Over a rainy week in early February I had a bit of an interesting time at work, but before I get to that, let me turn the clock back 5 or 6 months.
We’ve worked with games developer and publisher wargaming.net before. In October 2015 we were the host venue for the launch of their Second World War naval combat MMO World of Warships (worth checking out by the way). Since then we have tried to foster a relationship that could benefit both wargaming.net and my employer, Chatham Historic Dockyard Trust.
It was hard going at first, not because either party was being obstructive, but because we simply hadn’t done anything like this before and there were some serious questions that needed answering. Chatham is home to a national memorial, it is an accredited museum, it is operated by a charitable trust, so a company that makes its money “promoting” warfare might not seem like the best fit.
So we did some research, we spoke to pre-existing partner organisations and we spoke to wargaming.net themselves. What came out of all of those investigations was a feeling that they actually cared about the history, they wanted to tell the stories and there was a definite benefit to working with them in a more constructive way. We saw some of the work they had already done with museums in the UK and abroad. The Tank Museum has an education centre as a result of the partnership. USS Kidd had a great documentary made and the USS Iowa has a wraparound CGI recreation of her bridge in battle in the Pacific installed on the vessel.
HMS Cavalier is certainly worthy of the attention. She is the last remaining Royal Navy destroyer of the Second World War and served from 1944 until 1972. She is now preserved and maintained as Britain’s National Destroyer Memorial to the 142 British destroyers that were lost during the war and the 11,000 men who were lost with them.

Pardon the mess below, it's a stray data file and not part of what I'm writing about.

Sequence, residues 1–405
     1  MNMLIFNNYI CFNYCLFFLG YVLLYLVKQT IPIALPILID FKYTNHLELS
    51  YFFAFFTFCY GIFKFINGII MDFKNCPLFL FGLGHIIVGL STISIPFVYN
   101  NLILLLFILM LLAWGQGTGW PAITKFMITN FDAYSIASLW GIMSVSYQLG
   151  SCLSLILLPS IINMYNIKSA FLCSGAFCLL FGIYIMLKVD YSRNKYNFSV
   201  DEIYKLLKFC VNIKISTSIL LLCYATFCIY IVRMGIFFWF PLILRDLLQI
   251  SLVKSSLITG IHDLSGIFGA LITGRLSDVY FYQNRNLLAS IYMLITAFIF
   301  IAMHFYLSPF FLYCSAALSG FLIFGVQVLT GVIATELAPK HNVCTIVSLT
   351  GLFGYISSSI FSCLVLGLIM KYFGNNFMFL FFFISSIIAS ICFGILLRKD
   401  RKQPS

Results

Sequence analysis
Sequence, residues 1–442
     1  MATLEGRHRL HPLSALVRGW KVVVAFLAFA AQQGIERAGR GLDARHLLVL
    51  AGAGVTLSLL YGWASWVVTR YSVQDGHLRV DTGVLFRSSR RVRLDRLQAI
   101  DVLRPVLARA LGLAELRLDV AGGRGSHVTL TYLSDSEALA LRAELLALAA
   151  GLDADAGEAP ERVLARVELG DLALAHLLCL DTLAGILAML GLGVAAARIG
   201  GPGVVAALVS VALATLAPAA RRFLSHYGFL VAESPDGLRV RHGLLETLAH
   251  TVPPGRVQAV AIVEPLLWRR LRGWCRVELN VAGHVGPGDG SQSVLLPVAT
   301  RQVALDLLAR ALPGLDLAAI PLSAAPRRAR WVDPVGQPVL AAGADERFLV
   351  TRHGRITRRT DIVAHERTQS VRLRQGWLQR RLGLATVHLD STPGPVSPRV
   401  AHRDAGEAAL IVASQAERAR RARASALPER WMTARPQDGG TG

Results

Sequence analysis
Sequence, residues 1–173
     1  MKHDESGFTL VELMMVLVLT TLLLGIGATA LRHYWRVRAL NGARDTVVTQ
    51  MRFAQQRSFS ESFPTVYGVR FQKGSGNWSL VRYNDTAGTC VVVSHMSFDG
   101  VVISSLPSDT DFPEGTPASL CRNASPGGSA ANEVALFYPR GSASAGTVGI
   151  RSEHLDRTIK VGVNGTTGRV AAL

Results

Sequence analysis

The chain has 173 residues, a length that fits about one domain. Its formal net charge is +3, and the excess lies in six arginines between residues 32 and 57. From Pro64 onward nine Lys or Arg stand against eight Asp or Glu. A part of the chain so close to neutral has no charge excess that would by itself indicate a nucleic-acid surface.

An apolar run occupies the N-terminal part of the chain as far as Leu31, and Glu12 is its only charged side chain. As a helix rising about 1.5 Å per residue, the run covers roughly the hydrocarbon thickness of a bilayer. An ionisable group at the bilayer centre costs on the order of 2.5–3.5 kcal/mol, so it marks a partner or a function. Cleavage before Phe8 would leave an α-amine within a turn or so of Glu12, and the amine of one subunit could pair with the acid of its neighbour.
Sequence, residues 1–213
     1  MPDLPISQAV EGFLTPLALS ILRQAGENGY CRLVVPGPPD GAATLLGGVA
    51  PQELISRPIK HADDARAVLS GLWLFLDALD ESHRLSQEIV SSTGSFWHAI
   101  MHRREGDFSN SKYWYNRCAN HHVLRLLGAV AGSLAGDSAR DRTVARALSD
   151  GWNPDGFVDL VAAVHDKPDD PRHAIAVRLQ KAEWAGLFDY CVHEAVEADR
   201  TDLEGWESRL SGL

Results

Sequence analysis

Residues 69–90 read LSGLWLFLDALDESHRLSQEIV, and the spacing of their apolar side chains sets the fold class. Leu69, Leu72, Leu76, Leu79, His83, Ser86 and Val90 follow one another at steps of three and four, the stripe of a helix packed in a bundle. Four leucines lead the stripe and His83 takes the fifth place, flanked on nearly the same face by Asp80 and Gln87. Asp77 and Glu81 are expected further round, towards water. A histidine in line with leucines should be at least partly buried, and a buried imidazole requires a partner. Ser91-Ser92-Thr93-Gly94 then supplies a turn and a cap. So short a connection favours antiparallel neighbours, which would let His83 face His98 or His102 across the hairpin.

So contact has been maintained since October last year and in February 2016 we had another visit. This time the focus wasn’t their own software or some new content, it was our vessels. Dan Snow and Richard Cutland (wargaming.net’s military specialist) have been onboard HMS Cavalier filming videos that will promote the vessel and her history. Some of the footage has been shot by a drone and all of it has been shot with 360 degree cameras. We’ve fired guns, they’ve interviewed former crew members and current volunteers, visited and filmed parts of the ship not normally accessible to the public and they brought the press with them to see the ship and the Dockyard.
In between the flurry of activity associated with the filming, Dan wanted to see (and film for himself) as much of the site as possible, so whenever there was a break in the schedule he’d run off and do some 360 filming of his own. He visited the Ropery, HMS Ocelot, HMS Gannet and Slip 3 (which needs to be formatted before I can share the link). He also nipped off and visited other local historical attractions, Rochester and Upnor Castles (who were all treated to their own 360 video treatment). And he tried his hand at a bit of drone footage using his own machine with his own Go-Pro dangling off the bottom of it. A decision he possibly now regrets as his drone and his Go-Pro ended up at the bottom of Number 2 Dock after the batteries ran out and it went into an emergency landing over the water – all broadcast live on Persicope while viewers added helpful comments like “pull up”.
Here are the videos of the Dockyard, and a link to the Periscope that spelled the end for Dan’s drone…
You can pause the videos at any point and move the view around, or if you’re watching on a mobile device, simply pan and tilt the device to move the view.
And here’s the expensive dip in the dock.
So as you can see, an interesting week at work – not to mention an interesting evening in the pub.